St. Jude: The welcoming ‘lighthouse’ on Rampart St.
He wore a wrinkled T-shirt, unwashed jeans and a black baseball cap, and he had a black guitar case slung over his right shoulder.
The St. Jude Community Center across North Rampart Street from Our Lady of Guadalupe Church wasn’t yet open for the daily free hot breakfast, but the church – which serves the homeless and the hopeless – was vibrant, practically hopping for the 7 a.m. Mass, with a cappella music led by Oblate Father Tony Rigoli.
As the man walked into the church toward the end of Mass, he settled into one of the back pews where several homeless people regularly worship before going over to eat breakfast. A man sitting one pew behind tapped him on the shoulder and then pointed to the man’s head.
“You’re in church – take off your cap,” he advised.
When Father Rigoli left a spiritually enriching campus ministry post at D’Youville College in Buffalo 10 years ago to become pastor of Our Lady of Guadalupe, he had deep reservations that his superior – or maybe even God – knew what he was doing.
“The thing was, I didn’t want to leave Buffalo,” Father Rigoli said. “I had loved that college. I loved being chaplain there. I wasn’t really protesting, but I wasn’t leaving with the right attitude. And then, when I came here, it was like, ‘Wow!’ This is the most diverse place I’ve ever been.”
The Gospel of the day told the story of the rich man – dressed in purple garments – who would dine sumptuously while Lazarus, covered with sores, would sit at the door hoping for the scraps that fell from the table. Dogs licked his sores.
But when the rich man died and saw from his place in the netherworld the figures of Abraham and Lazarus, side by side, he pleaded with Abraham to send a warning to his five brothers lest they follow the rich man into the flames.
“Whenever I read this Gospel during Lent, I think to myself, ‘I’m wearing these purple vestments!’” Father Rigoli told the congregation. “The rich man wasn’t tormenting or kicking or abusing Lazarus. What was his sin? He was simply ignoring him. He didn’t see him. He was invisible.”
St. Jude serves 80 breakfasts and 175 lunches a day for the homeless at the community center, run by Marianite Sister Beth Mouch. On Saturdays, Father Rigoli will spend the day at the center looking into the faces of the poor – and speaking their names.
“That’s extremely important because it gives them value,” Father Rigoli said. “They’re someone. They’re a person. Sometimes, because we don’t know them, we kind of move away from them. When you sit down with them, you start to find out they have histories. When you’re dealing with the homeless, you’re dealing with mental illness and addiction, but there’s a great number of them who just happen to find themselves down and out.”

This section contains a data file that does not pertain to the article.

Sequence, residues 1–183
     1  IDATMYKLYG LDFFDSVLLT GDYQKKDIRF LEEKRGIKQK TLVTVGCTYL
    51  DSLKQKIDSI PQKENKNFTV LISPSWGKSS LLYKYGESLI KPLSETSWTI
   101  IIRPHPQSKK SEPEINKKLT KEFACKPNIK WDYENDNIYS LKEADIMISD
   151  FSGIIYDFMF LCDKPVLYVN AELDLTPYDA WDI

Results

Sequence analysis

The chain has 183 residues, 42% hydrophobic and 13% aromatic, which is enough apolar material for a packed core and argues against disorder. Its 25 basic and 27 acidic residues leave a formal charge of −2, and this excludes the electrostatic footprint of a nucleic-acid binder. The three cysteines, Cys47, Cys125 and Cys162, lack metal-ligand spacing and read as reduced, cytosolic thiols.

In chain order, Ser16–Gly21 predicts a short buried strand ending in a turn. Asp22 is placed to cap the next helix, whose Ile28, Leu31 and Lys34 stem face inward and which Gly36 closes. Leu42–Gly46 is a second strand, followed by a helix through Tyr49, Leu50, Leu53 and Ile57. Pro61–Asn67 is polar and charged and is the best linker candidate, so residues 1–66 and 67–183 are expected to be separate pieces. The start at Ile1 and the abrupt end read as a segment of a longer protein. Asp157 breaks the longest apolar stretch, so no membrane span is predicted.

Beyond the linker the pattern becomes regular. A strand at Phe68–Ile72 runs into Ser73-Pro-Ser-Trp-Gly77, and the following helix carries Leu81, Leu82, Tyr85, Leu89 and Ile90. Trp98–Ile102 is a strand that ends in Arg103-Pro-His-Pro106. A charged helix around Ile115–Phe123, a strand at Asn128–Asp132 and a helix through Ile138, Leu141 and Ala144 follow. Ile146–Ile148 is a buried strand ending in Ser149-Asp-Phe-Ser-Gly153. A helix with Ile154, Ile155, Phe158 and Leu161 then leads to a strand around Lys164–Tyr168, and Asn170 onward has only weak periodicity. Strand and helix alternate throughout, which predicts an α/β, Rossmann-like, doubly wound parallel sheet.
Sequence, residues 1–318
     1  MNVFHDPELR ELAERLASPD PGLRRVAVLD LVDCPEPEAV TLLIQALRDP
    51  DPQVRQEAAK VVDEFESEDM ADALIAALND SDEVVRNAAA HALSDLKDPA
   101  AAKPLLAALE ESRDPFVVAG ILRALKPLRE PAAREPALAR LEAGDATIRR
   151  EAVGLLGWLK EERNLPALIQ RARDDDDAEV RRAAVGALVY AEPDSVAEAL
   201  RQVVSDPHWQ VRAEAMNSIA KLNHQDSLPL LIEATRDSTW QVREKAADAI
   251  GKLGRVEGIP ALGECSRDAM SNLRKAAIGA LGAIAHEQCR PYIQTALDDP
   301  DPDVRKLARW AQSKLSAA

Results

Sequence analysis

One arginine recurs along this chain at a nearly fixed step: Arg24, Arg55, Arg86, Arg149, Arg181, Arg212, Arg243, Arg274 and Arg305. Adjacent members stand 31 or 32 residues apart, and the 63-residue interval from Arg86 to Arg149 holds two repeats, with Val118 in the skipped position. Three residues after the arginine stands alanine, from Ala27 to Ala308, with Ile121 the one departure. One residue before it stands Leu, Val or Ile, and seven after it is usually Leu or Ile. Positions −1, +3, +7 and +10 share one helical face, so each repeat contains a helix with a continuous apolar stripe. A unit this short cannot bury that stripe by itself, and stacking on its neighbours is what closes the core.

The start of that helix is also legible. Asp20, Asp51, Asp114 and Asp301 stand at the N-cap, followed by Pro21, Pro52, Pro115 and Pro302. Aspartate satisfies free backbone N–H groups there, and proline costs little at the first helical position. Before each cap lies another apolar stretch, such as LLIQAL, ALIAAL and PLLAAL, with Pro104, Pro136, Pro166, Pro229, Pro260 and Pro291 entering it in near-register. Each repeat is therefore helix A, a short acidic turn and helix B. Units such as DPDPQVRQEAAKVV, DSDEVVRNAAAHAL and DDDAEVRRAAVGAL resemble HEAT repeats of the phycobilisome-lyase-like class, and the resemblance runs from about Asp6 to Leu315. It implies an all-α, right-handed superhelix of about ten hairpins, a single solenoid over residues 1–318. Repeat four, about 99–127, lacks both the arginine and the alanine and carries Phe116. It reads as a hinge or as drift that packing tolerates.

Father Rigoli is doing whatever he can to help. Executives of the Ritz Carlton offered to give entry-level jobs to those he would recommend, and so far that program has resulted in several transformations.
“One gentleman lost his job, and he and his wife and three children came to Father Tony, and they came right over here from church to fill out an application,” said Cindy Moran, manager of associate health for Marriott. “This gentleman’s been like a shining light. We do something called lateral service. He can work in several different departments. I wish I had more jobs for everybody.”
St. Jude also runs a shelter for homeless women, allowing them to work outside jobs and save money for an apartment of their own. They hand out 400 boxes of food each week from Second Harvest Food Bank. And the center can host up to 150 volunteers at a time when they come to New Orleans to do post-Katrina rehab work. The parish has programs for drug and alcohol abusers.
“I call St. Jude the ‘Lighthouse on Rampart Street’ because it gives people direction and hope,” Father Rigoli said. “They look to the steeple and they’re looking at the clock, but they’re really looking for some direction and hope.”
Father Rigoli will be recognized next month for his efforts at St. Jude by the Catholic Library Association, which will confer on him the Aggiornamento Award for ongoing service to the church in the spirit of Vatican II.
“You get a lot of energy from this work,” Father Rigoli said. “It just seems that you’re really living. I call it Matthew 25. That’s when I was hungry, you gave me something to eat. That’s our report card at the end of our life.”
In a world where the poor have become as invisible as Lazarus, Father Rigoli remains inspired by their faith.
“There’s a man who sits in the front pew of the church for quite a long time, and one day I asked him, ‘What do you say in your prayer?’ He said, ‘Nothing. He looks at me, and I look at him, and we’re OK.’ That’s beautiful.”